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Why Your Babies and Toddlers Need Vitamin D and K2

By Wiggy Saunders MD

As an Integrative Medicine physician, I am always looking for ways to improve the underlying health of my patients.  I do not like to wait for diseases to develop before starting treatment; I like to set the stage for the body to be healthy so that diseases do not have a chance to develop.  This approach is what has helped thousands of my patients regain a sense of vitality and well-being that once seemed so elusive.

The problem that I often see is that the longer you wait, the harder it is to correct the underlying issue.  That is why my wife, Emily, and I started Raise Them Well, in order to improve the health of children from Day 1, starting early at conception.

Like it or not, what we expose our babies to from conception forward will play a role in their health as children and even into adulthood.  This is why it is so important for moms to be doing everything that they can to stay healthy before, during, and after pregnancy.  Moms need to be eating as clean as possible, avoiding toxins, and making sure that their baby is getting the proper nutrients necessary for optimal growth and development.  This is critically important while breastfeeding because mother’s milk is the only nutrition- and the best nutrition- that many babies get.  However, there are a few things that even breast milk can’t provide.

The importance of Vitamin D for babies

There is a ton of research on the importance of Vitamin D for babies and toddlers.  Vitamin D3 helps the babies develop strong teeth and bones and healthy immune systems, muscles, hearts, and brains.  Really, you name it,  it has Vitamin D receptors and without it, will not function properly.  This is one of the few vitamins that are actually supported by the mainstream medical community.  In fact, the American Academy of Pediatrics recommends for all infants, and especially those that are breastfed, to be take 400 IUs of Vitamin D3 daily.

While, I congratulate the effort of the AAP to make this recommendation, I believe that it falls a bit short.  That’s because it makes no mention of Vitamin K2.

The Fat Soluble Vitamins

There are 4 fat soluble vitamins that all work together.  They are Vitamins A, D, E, and K.  Most people have no problem getting enough Vitamin A and E through a healthy diet so those are less talked about.  However, like Vitamin D, Vitamin K is difficult to ingest through diet alone. The more that we are learning about these fat soluble vitamins, the more we realize that it is about balance and that taking any one of them by themselves can actually be problematic.

The Calcium Paradox

Some of you may be familiar with the book, The Calcium Paradox, from Dr. Kate Rheume-Bleu.  It is a fantastic book about the fat soluble vitamins and the importance of balancing Vitamin D with Vitamin K especially in pregnant moms, infants and toddlers.  What she eloquently describes are the problems that can develop if the mom and infant become deficient not in Vitamin D3 but in Vitamin K2.  The book highlights the work by Dr. Weston A. Price, a dentist well ahead of his time.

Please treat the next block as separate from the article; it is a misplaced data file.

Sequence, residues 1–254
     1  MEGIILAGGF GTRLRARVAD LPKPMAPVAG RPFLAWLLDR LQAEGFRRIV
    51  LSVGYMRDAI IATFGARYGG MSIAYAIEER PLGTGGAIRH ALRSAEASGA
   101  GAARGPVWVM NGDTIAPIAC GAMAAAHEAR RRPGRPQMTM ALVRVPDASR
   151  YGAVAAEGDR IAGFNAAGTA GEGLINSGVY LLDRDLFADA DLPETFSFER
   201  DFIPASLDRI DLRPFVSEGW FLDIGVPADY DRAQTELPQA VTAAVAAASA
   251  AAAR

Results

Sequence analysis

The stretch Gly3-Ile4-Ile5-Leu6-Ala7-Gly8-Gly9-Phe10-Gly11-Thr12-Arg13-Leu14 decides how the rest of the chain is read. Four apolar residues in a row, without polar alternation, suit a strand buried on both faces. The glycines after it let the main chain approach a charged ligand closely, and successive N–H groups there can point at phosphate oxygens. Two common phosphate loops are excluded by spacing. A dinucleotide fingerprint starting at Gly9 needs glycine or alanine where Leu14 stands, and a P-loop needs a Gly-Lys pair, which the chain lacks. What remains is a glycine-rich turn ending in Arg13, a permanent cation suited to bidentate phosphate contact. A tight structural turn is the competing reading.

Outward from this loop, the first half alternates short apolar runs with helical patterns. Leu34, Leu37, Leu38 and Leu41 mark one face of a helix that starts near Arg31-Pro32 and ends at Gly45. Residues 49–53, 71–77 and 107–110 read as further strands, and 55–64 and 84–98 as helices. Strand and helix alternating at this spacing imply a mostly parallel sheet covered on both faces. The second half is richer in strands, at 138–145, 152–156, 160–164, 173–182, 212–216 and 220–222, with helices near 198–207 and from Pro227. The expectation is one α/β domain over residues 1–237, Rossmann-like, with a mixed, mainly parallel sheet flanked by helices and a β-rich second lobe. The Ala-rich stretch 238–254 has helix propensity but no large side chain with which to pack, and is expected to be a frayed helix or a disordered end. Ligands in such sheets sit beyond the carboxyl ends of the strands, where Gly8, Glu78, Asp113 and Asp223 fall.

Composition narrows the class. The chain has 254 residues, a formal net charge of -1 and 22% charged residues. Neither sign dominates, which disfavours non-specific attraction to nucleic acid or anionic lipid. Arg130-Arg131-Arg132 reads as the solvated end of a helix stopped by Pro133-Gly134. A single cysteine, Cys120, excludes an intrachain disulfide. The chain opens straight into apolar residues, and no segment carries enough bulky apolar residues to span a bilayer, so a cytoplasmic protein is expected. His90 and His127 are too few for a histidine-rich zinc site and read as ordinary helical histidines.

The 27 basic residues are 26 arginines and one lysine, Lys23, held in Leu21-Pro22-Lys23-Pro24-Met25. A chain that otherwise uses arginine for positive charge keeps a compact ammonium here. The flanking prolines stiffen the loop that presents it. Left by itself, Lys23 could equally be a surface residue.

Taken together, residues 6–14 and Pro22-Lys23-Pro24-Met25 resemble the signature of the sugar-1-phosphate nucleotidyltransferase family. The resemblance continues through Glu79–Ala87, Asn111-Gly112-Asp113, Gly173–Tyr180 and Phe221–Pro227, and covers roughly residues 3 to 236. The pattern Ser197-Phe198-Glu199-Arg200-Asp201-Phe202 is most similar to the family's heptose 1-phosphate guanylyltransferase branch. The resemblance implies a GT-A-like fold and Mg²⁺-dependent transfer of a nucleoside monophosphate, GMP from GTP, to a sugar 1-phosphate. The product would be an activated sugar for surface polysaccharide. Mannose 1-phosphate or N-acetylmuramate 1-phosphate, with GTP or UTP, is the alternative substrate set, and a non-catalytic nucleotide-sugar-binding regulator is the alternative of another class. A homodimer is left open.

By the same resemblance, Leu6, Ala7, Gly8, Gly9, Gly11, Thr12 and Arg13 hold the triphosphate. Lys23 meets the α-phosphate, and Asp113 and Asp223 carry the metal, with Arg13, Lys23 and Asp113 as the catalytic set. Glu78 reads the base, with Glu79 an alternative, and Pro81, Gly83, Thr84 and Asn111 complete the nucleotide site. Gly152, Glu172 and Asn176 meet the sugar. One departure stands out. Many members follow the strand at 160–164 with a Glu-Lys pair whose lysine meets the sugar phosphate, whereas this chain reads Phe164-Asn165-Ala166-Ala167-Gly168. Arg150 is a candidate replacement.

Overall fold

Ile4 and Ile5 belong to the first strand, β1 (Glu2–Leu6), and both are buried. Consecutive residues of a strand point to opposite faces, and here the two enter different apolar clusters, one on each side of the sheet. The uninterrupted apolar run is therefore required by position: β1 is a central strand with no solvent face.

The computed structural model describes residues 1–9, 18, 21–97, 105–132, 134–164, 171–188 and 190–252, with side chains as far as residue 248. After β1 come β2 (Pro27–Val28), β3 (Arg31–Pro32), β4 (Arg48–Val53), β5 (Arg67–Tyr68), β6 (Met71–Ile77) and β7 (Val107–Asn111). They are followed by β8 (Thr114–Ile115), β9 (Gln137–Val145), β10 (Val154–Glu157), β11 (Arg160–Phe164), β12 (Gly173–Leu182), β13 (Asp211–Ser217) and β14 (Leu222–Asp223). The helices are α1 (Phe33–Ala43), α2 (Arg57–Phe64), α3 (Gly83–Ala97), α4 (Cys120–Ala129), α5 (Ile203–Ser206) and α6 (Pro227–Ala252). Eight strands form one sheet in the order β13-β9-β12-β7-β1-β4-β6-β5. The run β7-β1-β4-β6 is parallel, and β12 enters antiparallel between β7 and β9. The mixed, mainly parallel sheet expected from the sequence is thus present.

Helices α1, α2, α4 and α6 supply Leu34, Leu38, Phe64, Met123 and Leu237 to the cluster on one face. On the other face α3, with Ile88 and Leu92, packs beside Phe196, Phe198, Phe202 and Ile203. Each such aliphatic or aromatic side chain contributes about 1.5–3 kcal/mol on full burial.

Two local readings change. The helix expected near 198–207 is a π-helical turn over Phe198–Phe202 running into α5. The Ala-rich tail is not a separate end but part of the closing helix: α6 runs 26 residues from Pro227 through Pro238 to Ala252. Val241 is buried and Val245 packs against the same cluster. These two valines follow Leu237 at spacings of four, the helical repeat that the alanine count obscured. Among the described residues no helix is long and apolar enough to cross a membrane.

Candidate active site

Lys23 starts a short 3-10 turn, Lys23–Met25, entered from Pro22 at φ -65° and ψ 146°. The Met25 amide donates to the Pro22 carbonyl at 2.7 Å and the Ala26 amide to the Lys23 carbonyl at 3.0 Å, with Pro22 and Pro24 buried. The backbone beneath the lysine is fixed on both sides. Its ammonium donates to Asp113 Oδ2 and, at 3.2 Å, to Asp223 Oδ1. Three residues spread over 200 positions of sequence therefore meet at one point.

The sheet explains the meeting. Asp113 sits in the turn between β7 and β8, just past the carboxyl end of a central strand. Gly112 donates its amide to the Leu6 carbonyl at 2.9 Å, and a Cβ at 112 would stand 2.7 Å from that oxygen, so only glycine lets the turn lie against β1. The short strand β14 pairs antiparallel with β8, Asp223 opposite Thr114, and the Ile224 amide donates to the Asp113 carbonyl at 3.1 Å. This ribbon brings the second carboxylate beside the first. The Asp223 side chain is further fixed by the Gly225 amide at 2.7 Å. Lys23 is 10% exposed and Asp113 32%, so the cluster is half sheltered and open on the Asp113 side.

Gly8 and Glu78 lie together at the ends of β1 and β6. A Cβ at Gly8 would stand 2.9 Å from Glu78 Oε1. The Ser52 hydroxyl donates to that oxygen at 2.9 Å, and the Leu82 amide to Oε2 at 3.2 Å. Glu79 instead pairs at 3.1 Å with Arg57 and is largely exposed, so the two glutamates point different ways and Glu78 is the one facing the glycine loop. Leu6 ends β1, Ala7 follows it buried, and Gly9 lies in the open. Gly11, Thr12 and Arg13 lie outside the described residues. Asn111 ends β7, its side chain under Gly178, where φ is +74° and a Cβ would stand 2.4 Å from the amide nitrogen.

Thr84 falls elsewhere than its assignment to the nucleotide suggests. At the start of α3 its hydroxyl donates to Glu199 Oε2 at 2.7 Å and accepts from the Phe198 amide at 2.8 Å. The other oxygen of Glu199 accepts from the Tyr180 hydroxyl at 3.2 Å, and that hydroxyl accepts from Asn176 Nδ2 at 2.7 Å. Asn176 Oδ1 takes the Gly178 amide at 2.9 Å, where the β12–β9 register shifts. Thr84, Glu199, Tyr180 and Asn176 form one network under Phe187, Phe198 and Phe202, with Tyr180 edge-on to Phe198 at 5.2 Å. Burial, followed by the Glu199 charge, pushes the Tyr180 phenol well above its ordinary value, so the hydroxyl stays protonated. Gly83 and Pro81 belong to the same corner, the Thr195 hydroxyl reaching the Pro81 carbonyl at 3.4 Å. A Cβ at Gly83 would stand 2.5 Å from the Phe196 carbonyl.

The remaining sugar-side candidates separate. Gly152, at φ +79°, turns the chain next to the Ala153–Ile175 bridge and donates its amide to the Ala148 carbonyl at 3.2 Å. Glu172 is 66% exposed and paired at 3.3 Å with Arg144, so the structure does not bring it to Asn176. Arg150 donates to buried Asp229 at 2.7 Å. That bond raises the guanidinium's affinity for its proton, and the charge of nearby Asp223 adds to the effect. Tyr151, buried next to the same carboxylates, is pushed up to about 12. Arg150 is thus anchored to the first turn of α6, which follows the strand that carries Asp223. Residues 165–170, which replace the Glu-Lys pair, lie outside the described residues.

What he noticed was aboriginal cultures, even without any dental care, had healthy teeth without crowding and spacing problems.  These cultures also rarely got cavities.  However, when these cultures started to stray from their traditional diet, their teeth started to show signs of decay, crowding, and disease.  What he found was that there was a unique nutrient that all of the original cultures had in common and it was a fat soluble vitamin.  Initially, called Vitamin X because he didn’t know what to call it, was eventually reclassified as, none other than Vitamin K2.  Here is a picture from the Weston A. Price Foundation that describes the problem that he frequently observed:

The main difference between the kids with the healthy teeth and dental arches was that they were getting a lot of the fat soluble vitamins, especially Vitamin D and Vitamin K2.  Of course dental problems were only one part of the problem.  These cultures that stopped getting Vitamin K2 in their diet were also at a higher risk from nearly all of the chronic diseases including obesity, diabetes, hyperlipidemia, and cardiovascular disease.

The Vitamin D and K Dance

Vitamin D and K work together to profoundly impact our bodies.   When it comes to proper bone and teeth development it all boils down to proper utilization of Calcium.  This is where things get interesting.  Vitamin D is well known for enhancing Calcium absorption out of the gut and into the blood.  It does this well, but that is only Step 1.  Step 2 is getting Calcium out of the blood and into the teeth and bones, where it’s used.  That’s where Vitamin K2 comes in.  Vitamin K2 is the shuttle that moves the Calcium out of the blood and into the teeth and bones.

Now, I’m not saying that Vitamin K2 is going to fix everyone’s problems, but I do believe that Vitamin K2 contributes to proper bone, teeth, immune, cardiovascular, and nervous system development.  If your child is not getting this crucial nutrient then he/she may be at risk for having problems in the future.

So hopefully I’ve summarized my reasoning behind my beliefs that 1.  It’s important for pregnant women to be taking a Prenatal Vitamin with Vitamin D3 and Vitamin K2 and 2.  It’s equally important for infants to be using Vitamin D3 drops with Vitamin K2 on a daily basis.

Our Raise Them Well Prenatal Vitamins and Baby Vitamin D and K2 Drops are a perfect solution for parents seeking a natural supplementation of Vitamin D and K2.

 



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